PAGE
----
Todd Rundgren's Utopia — Live at the Chicago Theatre
(Purple Pyramid CLO1194BR, 2019, 2CD+DVD+BR)
by Jon Davis, Published 2019-08-27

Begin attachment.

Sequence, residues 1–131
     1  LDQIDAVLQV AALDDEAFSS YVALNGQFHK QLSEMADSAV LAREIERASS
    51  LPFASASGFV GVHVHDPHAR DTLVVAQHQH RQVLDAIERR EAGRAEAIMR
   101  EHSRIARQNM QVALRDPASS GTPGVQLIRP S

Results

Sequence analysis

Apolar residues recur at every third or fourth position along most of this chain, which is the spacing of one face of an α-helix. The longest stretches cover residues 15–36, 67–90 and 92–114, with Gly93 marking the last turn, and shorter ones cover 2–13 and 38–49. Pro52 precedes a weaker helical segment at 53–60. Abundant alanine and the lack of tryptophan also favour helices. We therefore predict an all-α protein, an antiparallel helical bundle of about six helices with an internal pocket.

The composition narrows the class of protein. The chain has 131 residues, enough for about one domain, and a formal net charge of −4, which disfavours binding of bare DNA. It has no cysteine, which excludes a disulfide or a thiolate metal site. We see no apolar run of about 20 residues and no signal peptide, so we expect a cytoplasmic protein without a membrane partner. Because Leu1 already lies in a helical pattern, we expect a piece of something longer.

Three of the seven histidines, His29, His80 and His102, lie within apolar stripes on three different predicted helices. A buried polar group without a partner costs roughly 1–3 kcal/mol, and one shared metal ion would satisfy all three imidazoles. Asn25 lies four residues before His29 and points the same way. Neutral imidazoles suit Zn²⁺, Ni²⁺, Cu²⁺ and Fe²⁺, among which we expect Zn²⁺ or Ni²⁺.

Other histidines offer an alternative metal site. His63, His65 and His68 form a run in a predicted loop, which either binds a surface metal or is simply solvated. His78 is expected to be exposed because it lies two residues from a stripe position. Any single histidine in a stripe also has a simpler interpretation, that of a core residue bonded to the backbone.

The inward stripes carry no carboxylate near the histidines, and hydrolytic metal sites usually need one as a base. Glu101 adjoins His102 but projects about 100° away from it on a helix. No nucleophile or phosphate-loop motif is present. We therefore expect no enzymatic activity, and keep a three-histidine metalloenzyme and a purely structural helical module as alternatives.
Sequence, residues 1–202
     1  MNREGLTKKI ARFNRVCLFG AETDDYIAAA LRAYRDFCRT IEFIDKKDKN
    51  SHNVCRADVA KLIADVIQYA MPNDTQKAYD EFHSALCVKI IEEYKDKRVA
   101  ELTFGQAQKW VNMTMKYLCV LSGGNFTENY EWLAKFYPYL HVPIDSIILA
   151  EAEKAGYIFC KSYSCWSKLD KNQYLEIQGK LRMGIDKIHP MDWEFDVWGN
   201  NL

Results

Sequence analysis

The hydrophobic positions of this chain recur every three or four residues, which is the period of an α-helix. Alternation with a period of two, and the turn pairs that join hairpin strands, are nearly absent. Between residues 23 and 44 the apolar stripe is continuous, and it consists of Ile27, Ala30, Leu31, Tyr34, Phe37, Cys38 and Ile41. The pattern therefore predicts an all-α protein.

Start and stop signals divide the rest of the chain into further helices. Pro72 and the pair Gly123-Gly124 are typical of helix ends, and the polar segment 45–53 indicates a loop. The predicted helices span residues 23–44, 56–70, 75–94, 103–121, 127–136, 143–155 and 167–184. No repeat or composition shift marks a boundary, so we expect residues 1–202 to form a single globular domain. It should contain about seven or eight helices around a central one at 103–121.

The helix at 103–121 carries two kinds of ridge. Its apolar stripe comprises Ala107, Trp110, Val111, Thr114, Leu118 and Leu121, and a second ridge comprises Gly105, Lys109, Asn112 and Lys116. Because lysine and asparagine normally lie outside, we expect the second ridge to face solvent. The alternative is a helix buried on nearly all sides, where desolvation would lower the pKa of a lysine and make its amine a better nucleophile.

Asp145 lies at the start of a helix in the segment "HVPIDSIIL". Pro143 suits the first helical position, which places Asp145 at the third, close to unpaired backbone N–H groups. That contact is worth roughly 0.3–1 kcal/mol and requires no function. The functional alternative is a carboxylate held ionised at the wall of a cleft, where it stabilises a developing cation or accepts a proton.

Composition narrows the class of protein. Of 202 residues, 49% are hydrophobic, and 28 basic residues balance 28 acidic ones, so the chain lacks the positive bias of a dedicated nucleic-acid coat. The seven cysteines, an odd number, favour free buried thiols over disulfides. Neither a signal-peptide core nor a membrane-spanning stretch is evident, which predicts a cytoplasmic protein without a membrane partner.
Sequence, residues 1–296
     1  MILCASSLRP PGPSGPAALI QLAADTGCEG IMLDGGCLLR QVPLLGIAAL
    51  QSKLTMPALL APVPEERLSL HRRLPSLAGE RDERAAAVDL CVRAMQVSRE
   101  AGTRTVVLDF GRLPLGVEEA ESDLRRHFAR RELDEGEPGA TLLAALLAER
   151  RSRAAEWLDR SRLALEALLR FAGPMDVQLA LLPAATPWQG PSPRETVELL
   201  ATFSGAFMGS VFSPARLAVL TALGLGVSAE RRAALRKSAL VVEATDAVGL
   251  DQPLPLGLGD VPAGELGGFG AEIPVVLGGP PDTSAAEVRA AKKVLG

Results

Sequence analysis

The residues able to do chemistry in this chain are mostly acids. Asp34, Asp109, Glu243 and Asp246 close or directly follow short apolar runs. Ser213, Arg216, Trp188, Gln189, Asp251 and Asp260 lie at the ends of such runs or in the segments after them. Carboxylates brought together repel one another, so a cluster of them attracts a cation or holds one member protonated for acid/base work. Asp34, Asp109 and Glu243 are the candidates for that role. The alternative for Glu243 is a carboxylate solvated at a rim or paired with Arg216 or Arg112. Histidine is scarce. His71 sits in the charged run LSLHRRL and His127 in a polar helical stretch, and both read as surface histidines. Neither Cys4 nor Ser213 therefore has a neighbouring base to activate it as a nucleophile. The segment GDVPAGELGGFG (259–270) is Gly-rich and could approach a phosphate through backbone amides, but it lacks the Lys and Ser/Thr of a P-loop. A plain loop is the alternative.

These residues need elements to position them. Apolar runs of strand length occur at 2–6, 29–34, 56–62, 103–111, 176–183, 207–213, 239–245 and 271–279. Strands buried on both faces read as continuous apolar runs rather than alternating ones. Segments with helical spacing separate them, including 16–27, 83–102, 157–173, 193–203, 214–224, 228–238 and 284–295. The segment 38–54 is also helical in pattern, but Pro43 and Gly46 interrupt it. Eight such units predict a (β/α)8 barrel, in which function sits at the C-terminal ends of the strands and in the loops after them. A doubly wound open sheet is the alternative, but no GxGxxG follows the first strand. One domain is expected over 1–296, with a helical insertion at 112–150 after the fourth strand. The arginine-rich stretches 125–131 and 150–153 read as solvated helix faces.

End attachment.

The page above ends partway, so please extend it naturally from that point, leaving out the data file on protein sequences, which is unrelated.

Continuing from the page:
Taken in relation to the scope of Todd Rundgren’s career, Utopia might be seen as a digression, given that he’s released 30-some studio albums as a solo artist, while Utopia barely gets into double digits. And while Utopia really was more than just a band Rundgren had for a while (the other members also contributed compositions), it is forever associated with the man whose name was attached to it on the first few albums. Given how the band moved relatively quickly out of the progressive style where they started, it’s easy to forget how good a prog rock band they were before they streamlined their sound for 80s audiences. The material for this impressive live set is drawn from nine different albums, running from the 1974 debut through POV (1985), with Another Live getting five tracks, including two covers (“Do Ya” and “Something’s Coming”). The band’s progressive side is well represented, with the first album’s “Utopia Theme,” “Freedom Fighters,” and an abbreviated version of “The Ikon.” Ra is given somewhat short shrift, with “Overture” and “Communion with the Sun” condensed into seven and a half minutes, but Oops! Wrong Planet and Adventures in Utopia are well represented. A handful of tracks from the 80s provide evidence that even when they swung to more accessible music, Utopia was capable of coming up with songs that can stand the test of time. Having such a span of style present in one set also shows the essential unity of the band’s catalog, whether they were spinning elaborate extended progressive epics or concise rock songs. Throughout the two hours of music presented here, the musicians are in fine form, though some of the lead vocals are a bit strained. I would be hard-pressed to pick favorites here, and the excellent quality of the recording makes this live album more than just a supplement to the band’s body of work — and it functions admirably as a career overview. I got the audio-only version, but given its quality I’m sure the DVD is a great item for fans and newbies alike.
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